A discussion on genre from local roots, country, folk and Americana artists. 

Americana is one of those amorphous genres that’s open to interpretation. Got a banjo in your band? That’s Americana. Tell stories about your travels in God’s Country or whiskey-swilling through song? There you go, Americana. List Hank Williams, Wanda Jackson or Pete Seeger as an influence? Yup. Americana. We picked the brains of a few of our most difficult-to-pigeonhole bands in town who’ve at one point or another copped the Americana moniker as to what broadly defines the nation’s most American-by-definition genre.

I think “Americana” as a term for music represents more of an attitude than any particular style. It’s a musical umbrella that contains the authentic American houses of rock n’ roll, blues, country, folk, gospel, bluegrass, gypsy Jazz and so forth. But more than that, it’s a tip of the hat to all who share heritage and culture of this land, and with the American Spirit; socially, culturally, creatively, politically … Past and present. Reverence and rebellion. What we make it.

-Chadley Kolb, Coyote Kolb

A bunch of bullshit that can’t find a home anywhere else.

-Ward Hayden, Girls Guns and Glory

“Americana” is any type of American music that’s mindful of history, the equivalent of paying respect to your elders, be it your distinguished professor grandmother or crazy ranting grandpa.  These days, any band that uses a mandolin or even an acoustic guitar may be considered Americana, and we like to think of it as broader than that. We’ll draw from country music, and we’ll also draw from classic R&B, soul and blues.  To us, all of that is Americana, so maybe our umbrella is a bit bigger than those of most radio or record-store-label-makers, and maybe we stayed awake during history class.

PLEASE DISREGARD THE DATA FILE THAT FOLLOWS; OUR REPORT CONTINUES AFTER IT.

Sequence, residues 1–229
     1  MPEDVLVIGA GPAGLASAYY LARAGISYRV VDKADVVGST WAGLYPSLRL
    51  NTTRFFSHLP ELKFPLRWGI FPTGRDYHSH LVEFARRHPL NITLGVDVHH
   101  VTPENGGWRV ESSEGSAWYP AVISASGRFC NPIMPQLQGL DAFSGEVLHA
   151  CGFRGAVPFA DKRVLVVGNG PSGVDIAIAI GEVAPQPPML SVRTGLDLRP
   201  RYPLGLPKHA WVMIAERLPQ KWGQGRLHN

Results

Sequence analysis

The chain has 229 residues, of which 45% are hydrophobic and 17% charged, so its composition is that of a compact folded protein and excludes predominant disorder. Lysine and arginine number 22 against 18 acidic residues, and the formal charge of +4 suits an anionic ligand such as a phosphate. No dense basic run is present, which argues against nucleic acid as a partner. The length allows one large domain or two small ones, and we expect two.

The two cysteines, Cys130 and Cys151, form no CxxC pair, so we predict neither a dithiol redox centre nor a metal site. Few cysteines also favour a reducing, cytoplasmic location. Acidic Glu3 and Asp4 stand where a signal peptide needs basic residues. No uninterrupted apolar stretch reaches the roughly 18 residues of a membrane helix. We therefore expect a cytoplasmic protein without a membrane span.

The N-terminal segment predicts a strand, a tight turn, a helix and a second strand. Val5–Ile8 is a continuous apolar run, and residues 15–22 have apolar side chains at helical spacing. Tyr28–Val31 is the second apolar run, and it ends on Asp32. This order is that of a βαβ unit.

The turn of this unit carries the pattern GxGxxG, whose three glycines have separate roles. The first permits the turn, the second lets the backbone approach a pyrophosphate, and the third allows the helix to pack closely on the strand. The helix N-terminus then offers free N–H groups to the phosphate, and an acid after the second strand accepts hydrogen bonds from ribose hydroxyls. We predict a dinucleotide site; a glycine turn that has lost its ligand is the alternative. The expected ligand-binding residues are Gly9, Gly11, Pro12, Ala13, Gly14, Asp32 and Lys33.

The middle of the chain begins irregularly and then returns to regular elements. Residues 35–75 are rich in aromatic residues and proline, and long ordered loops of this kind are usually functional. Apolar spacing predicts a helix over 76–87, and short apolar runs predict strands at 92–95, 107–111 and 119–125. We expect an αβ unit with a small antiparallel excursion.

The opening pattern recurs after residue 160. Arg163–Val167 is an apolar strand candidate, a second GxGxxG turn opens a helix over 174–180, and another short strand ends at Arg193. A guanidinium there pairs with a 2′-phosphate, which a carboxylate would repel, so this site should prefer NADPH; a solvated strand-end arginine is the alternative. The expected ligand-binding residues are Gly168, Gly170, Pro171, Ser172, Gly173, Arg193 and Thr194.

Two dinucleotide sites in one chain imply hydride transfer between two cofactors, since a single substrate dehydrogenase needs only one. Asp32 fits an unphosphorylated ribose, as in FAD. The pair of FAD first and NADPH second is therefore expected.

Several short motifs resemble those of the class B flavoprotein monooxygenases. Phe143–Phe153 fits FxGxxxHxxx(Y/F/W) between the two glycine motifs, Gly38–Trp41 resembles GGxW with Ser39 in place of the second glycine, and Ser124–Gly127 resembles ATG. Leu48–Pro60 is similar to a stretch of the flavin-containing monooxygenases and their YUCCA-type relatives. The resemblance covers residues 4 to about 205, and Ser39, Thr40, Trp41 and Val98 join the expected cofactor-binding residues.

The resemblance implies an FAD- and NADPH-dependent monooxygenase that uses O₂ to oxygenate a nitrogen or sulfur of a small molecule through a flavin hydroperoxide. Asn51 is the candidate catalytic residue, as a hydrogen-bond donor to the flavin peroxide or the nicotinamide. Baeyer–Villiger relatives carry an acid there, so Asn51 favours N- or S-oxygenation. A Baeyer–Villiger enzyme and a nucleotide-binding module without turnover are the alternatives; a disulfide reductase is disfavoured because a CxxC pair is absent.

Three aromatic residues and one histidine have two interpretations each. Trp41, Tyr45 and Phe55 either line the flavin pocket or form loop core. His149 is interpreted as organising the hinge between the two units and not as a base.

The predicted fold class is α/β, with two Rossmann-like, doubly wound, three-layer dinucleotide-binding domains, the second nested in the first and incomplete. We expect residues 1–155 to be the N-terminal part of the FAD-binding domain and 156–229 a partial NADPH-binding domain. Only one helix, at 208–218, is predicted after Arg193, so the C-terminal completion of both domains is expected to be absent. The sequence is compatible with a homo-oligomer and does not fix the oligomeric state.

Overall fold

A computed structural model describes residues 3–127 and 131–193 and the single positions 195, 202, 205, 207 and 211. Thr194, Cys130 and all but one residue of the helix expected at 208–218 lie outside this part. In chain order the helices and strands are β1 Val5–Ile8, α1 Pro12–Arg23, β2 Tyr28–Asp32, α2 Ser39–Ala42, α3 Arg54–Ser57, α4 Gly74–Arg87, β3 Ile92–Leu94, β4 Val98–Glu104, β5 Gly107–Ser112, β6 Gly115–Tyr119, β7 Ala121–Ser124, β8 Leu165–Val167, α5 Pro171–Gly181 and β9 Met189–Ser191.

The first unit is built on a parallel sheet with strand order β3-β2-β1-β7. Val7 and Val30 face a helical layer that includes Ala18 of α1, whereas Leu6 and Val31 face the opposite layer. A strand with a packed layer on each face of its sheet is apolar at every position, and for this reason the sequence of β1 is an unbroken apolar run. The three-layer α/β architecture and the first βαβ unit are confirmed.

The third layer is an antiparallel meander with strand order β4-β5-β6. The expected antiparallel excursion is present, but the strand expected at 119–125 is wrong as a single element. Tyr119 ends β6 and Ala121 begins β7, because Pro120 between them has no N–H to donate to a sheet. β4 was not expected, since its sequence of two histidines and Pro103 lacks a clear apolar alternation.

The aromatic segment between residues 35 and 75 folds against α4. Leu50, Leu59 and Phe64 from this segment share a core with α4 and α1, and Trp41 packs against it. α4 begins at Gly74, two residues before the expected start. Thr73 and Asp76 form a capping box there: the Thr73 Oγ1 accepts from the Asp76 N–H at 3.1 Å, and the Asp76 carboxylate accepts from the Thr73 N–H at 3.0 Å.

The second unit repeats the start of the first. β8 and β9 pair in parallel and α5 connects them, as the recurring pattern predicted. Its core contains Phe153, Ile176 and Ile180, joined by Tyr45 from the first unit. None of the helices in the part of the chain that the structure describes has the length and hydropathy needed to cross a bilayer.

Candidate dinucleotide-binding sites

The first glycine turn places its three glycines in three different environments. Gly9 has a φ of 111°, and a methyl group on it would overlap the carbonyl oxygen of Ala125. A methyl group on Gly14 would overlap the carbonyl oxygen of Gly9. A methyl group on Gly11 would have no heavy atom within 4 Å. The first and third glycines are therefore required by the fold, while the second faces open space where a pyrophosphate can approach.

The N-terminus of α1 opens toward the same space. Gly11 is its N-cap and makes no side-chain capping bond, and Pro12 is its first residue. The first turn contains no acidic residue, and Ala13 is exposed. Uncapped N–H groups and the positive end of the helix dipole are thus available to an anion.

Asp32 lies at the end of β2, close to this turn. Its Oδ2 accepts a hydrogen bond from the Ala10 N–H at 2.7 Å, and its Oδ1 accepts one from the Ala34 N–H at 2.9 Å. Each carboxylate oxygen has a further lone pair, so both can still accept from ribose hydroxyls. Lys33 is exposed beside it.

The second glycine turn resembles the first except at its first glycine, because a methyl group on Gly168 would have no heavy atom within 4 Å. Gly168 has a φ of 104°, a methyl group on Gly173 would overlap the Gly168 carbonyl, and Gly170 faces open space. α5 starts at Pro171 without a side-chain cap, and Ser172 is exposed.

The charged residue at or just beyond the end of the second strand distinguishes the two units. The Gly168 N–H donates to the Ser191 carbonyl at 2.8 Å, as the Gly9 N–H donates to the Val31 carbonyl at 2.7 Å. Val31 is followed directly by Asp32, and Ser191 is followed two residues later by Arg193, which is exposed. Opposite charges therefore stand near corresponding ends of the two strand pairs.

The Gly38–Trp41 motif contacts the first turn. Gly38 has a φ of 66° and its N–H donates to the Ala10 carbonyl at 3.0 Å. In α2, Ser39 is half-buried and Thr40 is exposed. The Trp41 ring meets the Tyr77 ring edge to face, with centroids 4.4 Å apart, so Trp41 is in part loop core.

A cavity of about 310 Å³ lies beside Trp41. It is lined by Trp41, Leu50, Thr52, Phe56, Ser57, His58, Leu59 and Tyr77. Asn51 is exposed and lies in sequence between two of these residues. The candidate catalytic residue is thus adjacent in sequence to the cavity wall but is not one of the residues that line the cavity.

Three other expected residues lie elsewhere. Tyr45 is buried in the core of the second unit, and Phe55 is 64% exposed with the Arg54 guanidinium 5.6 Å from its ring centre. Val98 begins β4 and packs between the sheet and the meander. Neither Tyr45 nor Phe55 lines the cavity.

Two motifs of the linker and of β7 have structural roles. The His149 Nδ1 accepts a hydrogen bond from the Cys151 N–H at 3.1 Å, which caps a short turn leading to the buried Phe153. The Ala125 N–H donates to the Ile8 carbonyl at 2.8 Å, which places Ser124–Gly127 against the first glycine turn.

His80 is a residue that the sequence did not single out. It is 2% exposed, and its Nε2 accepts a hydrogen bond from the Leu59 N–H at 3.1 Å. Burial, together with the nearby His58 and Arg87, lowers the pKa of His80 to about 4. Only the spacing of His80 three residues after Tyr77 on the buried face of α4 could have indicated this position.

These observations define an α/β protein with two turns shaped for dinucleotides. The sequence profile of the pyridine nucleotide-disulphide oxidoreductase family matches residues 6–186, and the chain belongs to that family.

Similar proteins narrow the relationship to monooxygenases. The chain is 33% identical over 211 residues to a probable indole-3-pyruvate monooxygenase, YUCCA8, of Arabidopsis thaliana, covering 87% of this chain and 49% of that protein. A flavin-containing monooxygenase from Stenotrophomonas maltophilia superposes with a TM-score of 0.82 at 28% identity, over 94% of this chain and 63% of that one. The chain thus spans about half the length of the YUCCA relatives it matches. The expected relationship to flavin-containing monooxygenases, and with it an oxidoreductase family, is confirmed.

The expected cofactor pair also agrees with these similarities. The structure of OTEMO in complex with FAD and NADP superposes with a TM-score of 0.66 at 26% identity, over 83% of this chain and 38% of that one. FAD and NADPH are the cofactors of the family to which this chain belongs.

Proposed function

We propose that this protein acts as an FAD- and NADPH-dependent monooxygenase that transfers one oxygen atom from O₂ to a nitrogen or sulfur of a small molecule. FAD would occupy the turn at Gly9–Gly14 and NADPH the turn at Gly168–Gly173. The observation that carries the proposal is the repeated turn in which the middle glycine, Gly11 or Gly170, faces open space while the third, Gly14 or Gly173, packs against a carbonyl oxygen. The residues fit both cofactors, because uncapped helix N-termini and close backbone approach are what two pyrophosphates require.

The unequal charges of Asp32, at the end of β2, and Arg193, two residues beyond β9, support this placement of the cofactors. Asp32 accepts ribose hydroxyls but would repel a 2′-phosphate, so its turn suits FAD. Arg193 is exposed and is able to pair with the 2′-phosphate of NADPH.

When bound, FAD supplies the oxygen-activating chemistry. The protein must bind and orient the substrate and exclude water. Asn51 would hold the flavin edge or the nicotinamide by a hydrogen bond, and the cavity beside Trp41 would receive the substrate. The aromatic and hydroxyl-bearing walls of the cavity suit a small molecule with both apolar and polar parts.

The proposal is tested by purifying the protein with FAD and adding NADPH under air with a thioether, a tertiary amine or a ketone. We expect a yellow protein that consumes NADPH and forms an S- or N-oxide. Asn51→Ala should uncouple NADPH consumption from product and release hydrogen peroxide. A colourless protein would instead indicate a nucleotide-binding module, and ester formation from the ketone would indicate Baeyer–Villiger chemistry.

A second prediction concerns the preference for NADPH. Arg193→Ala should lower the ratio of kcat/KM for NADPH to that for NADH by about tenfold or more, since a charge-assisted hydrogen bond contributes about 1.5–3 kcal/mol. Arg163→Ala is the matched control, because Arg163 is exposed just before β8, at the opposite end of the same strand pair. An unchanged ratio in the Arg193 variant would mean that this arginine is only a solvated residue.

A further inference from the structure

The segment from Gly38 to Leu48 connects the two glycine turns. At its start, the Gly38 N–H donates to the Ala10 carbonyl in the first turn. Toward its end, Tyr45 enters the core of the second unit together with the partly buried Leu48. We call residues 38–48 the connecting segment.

-Naseem Khuri, Kingsley Flood

When I think of quintessential “Americana” artists, I think of people like Jeff Tweedy, Ryan Adams, Lucinda Williams or Townes Van Zandt. For me, the grandaddy of them all will always be Gram Parsons. He brought a gypsy spirit and a Beat sensibility to country music, catapulting it into the counterculture of the ‘60s. Even before Neil Armstrong set foot on the moon, Gram brought country music into outer space. He was like Hank Williams on peyote, or if somebody had snuck a few hits of acid into George Jones’ mason jar full of white lightning. He had the whole package: a perfect storm of mischief and Southern manners, charisma for miles, an air of mystery and tragedy about him, a mess of really great songs, and of course that voice … aching, vulnerable, sanctified and utterly heartbreaking.

-Thom Valicenti, Mount Peru

A donkey jawbone, of course!

-David Wax and Suz Slezak, the David Wax Museum

That it’s somehow a fad.  If you look at the definition of the word “Americana” outside of music it is an artifact of our culture. To me, that is what music is. You can call it whatever you like, but it’s still rock n’ roll to me.

-Dan Nicklin, Oldjack

Very bright!  Popular music trends are constantly changing, but history has shown that people always come back to “real” music. Americana/roots artists have the advantage of appealing to a broad spectrum of people that appreciate pure and honest music.

-David DeLuca, Highway Ghosts

Americana is founded in positivity and people having a good time together with music and that will never get old—just in the future it’ll be a guy with an acoustic guitar and cutoff jeans and lots of chest hair singing songs about his spaceship.

-Bridget Kearney, Joy Kills Sorrow


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  1. Will James Will James says:

    Largely agree with Ward’s definition. Just too much that sound the same to me. LOVE Thom’s (Mount Peru) best ever homage to Gram Parsons though (who I don’t think would care for a lot of this stuff they call Americana). Looking forward to the third annual Gram InterNational in Boston (fifth overall). Any interested bands that weren’t insulted by this, email me. Cheers, Will James